As oil prices continue to slump in 2016, China’s state-owned oil giants are sponging up revenue wherever they can find it, including the country’s internet-enabled tech giants.
Alibaba has sealed a deal with state-owned oil giant China National Petroleum Corp. (CNPC), to cooperate on a range of internet-enabled projects including mobile services, payments and cloud services. Alibaba will leverage CNPC’s network of 20,000 fuel stations within China to add another valuable industry channel to their payment service.
CNPC chairman Wang Yilin and Alibaba chairman Jack Ma came together for a joint signing ceremony on Thursday to launch the partnership.
The synergy between CNPC, whose listed arm is PetroChina, and Alibaba is supported by the Chinese government’s ‘Internet+’ strategy, which promotes the hi-tech disruption of traditional industries including oil and gas, agriculture, banking, healthcare and manufacturing.
It is the latest extension of an existing relationship. In August 2015 the oil giant opened a pilot store on Alibaba’s Tmall e-commerce platform, selling discount petrol cards as well as on-demand information about peak fuel pricing periods and traffic conditions.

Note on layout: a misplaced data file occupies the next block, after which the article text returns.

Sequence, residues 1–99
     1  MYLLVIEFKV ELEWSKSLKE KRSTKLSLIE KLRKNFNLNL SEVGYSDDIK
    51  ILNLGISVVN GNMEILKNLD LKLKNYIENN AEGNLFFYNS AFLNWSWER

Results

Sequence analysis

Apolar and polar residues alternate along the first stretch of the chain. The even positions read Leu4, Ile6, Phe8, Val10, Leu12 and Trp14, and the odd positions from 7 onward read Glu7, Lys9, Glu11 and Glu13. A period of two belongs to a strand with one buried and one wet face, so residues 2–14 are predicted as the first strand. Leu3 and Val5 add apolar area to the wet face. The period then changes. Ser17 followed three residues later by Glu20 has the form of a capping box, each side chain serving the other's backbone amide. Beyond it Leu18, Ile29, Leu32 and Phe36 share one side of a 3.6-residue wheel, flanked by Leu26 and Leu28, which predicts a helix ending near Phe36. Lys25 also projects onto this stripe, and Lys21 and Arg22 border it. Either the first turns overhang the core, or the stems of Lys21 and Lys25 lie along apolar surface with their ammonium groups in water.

China’s Oil Giants Go Hi-Tech To Fight Low Oil Prices
China’s oil companies are seeking to boost revenue to offset low oil prices, making them hot territory for tech companies seeking a new vertical. In a statement released on Thursday on CNPC’s website the oil company says they will seek to “enhance the vitality, power and core competitiveness of CNPC in responding effectively to the challenges of low oil prices.”
Alibaba’s core e-commerce businesses, much like Chinese oil prices, have been wrestling with the barriers of a saturated and market experiencing slowing growth. Despite this, e-retail spending has remained relatively stable and Alibaba has continued to forge ahead with a spate of mergers and acquisitions. CNPC will be seeking to tap into the vitality of China’s consumer-facing technology market.
Alibaba isn’t the only tech giant finding synergy with China’s state-owned oil giants. In August 2015 Tencent joined forces with China Petroleum & Chemical Corp, whose listed arm is Sinopec, to foster a similar marketing and mobile services relationship.
Sinopec also worked with Alibaba previously in a non-consumer-facing capacity. Alibaba assisted the oil company in building a cloud-based system for data analytics, improving efficiency throughout the company’s production chain.
It’s not clear at this point whether modernizing China’s lumbering state-owned oil giants will foster the same competition between internet giants as other industries such as entertainment, online banking and on-demand services. However Alibaba is likely to have an edge over Tencent given the former’s dominance in cloud computing. According to the government outline on the ‘Internet +’ strategy, “cloud computing and big data” are priority technologies in the push to modernize traditional industry.